Indulgent Sympathy and the Impartial Spectator

The into to Joshua Rust’s chapter:

Cognitive neuroscience is in the midst of what has been called an “affective revolution,” which places empathy at the center of a core set of moral competencies. While empathy has not been without its critics (Bloom, 2013; Prinz, 2011), both the radicals and the reactionaries routinely cite Adam Smith’s The Theory of Moral Sentiments (TMS) as among the revolution’s vanguard. For Smith, justified moral judgment depends on the ability to sympathize—Smith’s term for the empathetic ability to imaginatively project into, or otherwise simulate the emotions of others. The impartial spectator is good at moral evaluation and the accurate assessment of the “fitness or propriety” of another’s sentiments “can be found nowhere but in the sympathetic feelings of the impartial and well-informed spectator” (TMS VII.II.i.49).

Smith presupposes that a sufficiently unsympathetic moral agent is bound to moral distortion. But some of Smith’s readers, including Fonna Forman-Barzilai and Emma Rothschild, assume that so long as our other basic capabilities are in place, ample sympathy guarantees justified moral judgment. Other readers affirm the necessity of sympathy for impartiality, while remaining silent on the question of sufficiency.

This essay aims to drive a wedge between the ideal of a merely sympathetic spectator and that of the impartial spectator. Having defined sympathy, I present independent grounds for thinking that an excess of sympathy might prompt judgments which diverge from that of the impartial spectator. I then return to the text to argue that Smith himself is wary of what he calls “excess” or “indulgent sympathy.” One can, thus, be a sympathetic spectator without being an impartial spectator. While I do not address empathy’s critics directly, this more robust notion of the impartial spectator would allow Smith to side-step at least some of the more superficial objections cast against those who would champion empathy. I conclude by presenting considerations which attempt to explain why sympathy occupies such a central place in the TMS, despite not being sufficient for impartial spectatorship. These considerations, in turn, shed some light on the relation between the TMS and the Wealth of Nations (WN).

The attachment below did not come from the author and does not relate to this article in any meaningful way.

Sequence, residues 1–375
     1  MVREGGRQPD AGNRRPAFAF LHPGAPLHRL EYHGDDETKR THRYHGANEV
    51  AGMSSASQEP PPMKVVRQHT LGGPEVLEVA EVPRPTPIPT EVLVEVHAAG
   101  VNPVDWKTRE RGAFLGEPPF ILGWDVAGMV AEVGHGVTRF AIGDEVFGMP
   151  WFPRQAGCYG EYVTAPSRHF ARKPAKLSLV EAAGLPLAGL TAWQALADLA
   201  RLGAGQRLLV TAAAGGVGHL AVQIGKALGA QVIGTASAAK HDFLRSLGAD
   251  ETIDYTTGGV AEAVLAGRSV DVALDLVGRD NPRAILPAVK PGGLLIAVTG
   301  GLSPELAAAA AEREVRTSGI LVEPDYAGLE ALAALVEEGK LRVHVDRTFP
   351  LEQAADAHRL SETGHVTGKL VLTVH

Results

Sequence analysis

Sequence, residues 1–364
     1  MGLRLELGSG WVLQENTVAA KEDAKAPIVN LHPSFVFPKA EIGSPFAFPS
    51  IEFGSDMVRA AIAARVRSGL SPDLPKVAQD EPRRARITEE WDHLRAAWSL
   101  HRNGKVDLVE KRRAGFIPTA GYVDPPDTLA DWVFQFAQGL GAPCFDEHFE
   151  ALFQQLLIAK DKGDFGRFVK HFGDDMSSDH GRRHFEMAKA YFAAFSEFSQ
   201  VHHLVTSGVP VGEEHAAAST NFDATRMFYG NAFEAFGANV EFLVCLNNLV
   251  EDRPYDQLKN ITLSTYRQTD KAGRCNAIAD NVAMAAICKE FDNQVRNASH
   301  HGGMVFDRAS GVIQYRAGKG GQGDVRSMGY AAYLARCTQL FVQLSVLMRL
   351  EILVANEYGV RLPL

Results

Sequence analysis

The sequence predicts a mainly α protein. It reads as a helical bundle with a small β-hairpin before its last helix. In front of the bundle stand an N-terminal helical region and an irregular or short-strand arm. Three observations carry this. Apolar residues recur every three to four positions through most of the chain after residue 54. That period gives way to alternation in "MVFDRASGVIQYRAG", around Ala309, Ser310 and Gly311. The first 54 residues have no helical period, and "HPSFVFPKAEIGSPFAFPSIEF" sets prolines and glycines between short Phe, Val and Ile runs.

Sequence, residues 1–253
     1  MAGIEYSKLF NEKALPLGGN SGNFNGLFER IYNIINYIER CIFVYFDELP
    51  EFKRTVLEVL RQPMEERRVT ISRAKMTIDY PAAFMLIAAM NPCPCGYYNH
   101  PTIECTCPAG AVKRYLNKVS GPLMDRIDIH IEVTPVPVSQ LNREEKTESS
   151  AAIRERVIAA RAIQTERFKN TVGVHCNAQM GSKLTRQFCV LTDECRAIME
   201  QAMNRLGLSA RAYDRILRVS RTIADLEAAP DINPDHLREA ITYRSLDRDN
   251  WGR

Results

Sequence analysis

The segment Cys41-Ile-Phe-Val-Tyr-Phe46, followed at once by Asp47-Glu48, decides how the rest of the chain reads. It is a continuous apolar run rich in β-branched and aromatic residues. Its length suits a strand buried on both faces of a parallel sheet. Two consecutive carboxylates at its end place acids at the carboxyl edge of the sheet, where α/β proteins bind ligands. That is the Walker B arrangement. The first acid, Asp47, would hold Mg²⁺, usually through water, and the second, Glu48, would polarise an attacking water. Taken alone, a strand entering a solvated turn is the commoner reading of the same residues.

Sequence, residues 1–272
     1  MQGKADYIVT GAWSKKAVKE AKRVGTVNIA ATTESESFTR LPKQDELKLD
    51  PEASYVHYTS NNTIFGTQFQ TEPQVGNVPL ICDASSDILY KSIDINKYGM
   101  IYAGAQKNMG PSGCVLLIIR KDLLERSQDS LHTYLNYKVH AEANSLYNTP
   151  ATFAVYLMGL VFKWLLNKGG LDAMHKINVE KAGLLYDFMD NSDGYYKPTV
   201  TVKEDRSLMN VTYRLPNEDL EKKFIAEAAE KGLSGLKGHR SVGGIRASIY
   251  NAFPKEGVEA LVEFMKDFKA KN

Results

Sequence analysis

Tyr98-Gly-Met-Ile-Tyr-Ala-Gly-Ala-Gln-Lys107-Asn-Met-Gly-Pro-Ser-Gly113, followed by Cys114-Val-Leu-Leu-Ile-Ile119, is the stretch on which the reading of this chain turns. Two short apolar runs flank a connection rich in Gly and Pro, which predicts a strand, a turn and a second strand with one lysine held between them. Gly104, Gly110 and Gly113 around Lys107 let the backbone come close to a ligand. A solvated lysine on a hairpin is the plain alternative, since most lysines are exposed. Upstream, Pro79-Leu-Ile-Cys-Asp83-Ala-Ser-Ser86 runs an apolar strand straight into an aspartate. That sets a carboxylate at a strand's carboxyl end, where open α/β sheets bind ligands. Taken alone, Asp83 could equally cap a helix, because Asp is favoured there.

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Making Visible “the Invisible Hand”: The Mission of Social Simulation

Cristiano Castelfranchi’s interesting article. For more on the invisible hand see Propriety and Prosperity: New Studies on the Philosophy of Adam Smith with the following contributions:

Metaphor Made Manifest: Taking Seriously Smith’s ‘Invisible Hand’ by Eugene Heath

The ‘Invisible Hand’ Phenomenon in Philosophy and Economics by Gavin Kennedy

Instincts and the Invisible Order: The Possibility of Progress by Jonathan B. Wight


Vernon Smith’s Foreward to Propriety and Prosperity: New Studies on the Philosophy of Adam Smith

Here is the opening paragraph to Vernon’s Foreward to Propriety and ProsperityI would urge anyone interested in situated cognition to read his superb Rationality in Economics: Constructivist and Ecological Forms amazingly an unknown classic to those of an externalist non-Cartesian persuasion. Also worth a read is Vernon’s memoir.


This book is a welcome addition to the resurgent scholarly and practical interest in Adam Smith’s contributions to market economics and its antecedents in the social order of human culture. In Smith, propriety concerned the rules that govern human sociability by mutual consent in local group interactions. Out of this experience were fashioned the rules of property, justice and the liberal order of political economy, and thence to economic prosperity. It is a grand narrative alive with meaning for the contemporary world in which side-by-side with markets the demand for sociability has found new expression in the social media companies. No wonder that in a seminar Kenneth Boulding could refer to Adam Smith as the first great post-Newtonian scientist.

In defence of spontaneous order: Hayek and libertarianism

The Economist 


According to Adam Smith, Friedrich Hayek and everyone else who knows what he or she is talking about, well-functioning markets depend, inter alia, upon clear property rights and a judicial system that enforces agreements and resolve disputes.

It’s true that Friedrich Hayek, whom Mr Linker shamelessly abuses, is the most prominent 20th-century intellectual behind the concept of spontaneous order—the theory that systems, such as markets, naturally correct, and function best without human meddling. It’s true that Hayek is commonly lumped in with libertarians. It’s true that spontaneous order is an idea libertarians tend to promote. Yet spontaneous order is not a libertarian idea.